Participating in the exercise, being held to practice the scheduling of the kind of mass vaccination clinic that might be needed in the case of a bioterrorism attack or natural disease epidemic, are Baca; Bent; Cheyenne; Crowley; Huerfano; Kiowa; Las Animas; Otero; and Prowers counties.
The clinics are scheduled to open at on Oct. 16, with actual flu vaccinations for emergency responders and members of their families. Then at , the clinics will be opened to the public, who also will be able to receive free flu shots as part of the exercise. In the event of a real incident, emergency responders would have to be immunized first so that they would remain healthy and be able to care for the public.
Jacqueline Brown, the director of the Prowers County Public Health Nursing Service who also is a key organizer of the exercise, said that as many as 10,000 people, or approximately 10 percent of the population of the nine counties, may receive flu shots during the exercise, scheduled to conclude at The staff participants will discuss and critique the exercise as a group at the end of the day.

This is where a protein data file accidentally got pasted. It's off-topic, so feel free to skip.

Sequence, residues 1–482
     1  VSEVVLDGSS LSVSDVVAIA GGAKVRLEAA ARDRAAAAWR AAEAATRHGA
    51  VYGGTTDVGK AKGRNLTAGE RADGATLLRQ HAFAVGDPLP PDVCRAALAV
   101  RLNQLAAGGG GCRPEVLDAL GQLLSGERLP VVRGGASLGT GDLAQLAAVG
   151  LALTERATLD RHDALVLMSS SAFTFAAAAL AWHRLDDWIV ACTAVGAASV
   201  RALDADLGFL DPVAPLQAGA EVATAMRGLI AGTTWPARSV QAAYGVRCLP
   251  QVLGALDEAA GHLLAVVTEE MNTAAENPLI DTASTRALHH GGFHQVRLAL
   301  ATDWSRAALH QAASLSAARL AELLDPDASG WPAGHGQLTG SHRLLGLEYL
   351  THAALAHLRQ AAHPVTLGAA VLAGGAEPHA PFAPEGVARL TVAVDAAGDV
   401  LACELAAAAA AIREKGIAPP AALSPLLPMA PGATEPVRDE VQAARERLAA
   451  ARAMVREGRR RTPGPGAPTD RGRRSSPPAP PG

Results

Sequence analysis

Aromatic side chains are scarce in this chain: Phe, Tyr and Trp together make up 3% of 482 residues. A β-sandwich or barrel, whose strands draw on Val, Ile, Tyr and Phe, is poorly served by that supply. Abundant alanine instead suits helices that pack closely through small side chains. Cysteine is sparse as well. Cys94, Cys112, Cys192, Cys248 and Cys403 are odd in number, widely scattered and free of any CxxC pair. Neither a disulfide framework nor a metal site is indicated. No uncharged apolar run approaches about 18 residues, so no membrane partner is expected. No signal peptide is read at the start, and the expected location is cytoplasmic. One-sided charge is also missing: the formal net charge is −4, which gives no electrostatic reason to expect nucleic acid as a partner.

The goals of preparedness plans nationwide include being able to immunize all residents of an area within a few days in the case of a terrorism incident involving a biologic agent.
According to Brown, public health officials in the nine counties have been working with the Colorado Department of Public Health and Environment's Bioterrorism and Emergency Preparedness Program since January 2004 to plan the exercise. This exercise is part of the state's overall Homeland Security strategy, which includes training and exercising emergency responses to acts of bioterrorism.
That planning, Brown said, has included many levels of preparation, including a table-top exercise at which such an event was simulated and an August regional warehouse drill at which the receipt and distribution of medications from the Strategic National Stockpile, a national repository of pharmaceuticals and medical supplies, was simulated.
The 10,000 doses of flu vaccine, being donated by the Department of Public Health and Environment for the exercise, will not actually be delivered until close to the time of the event.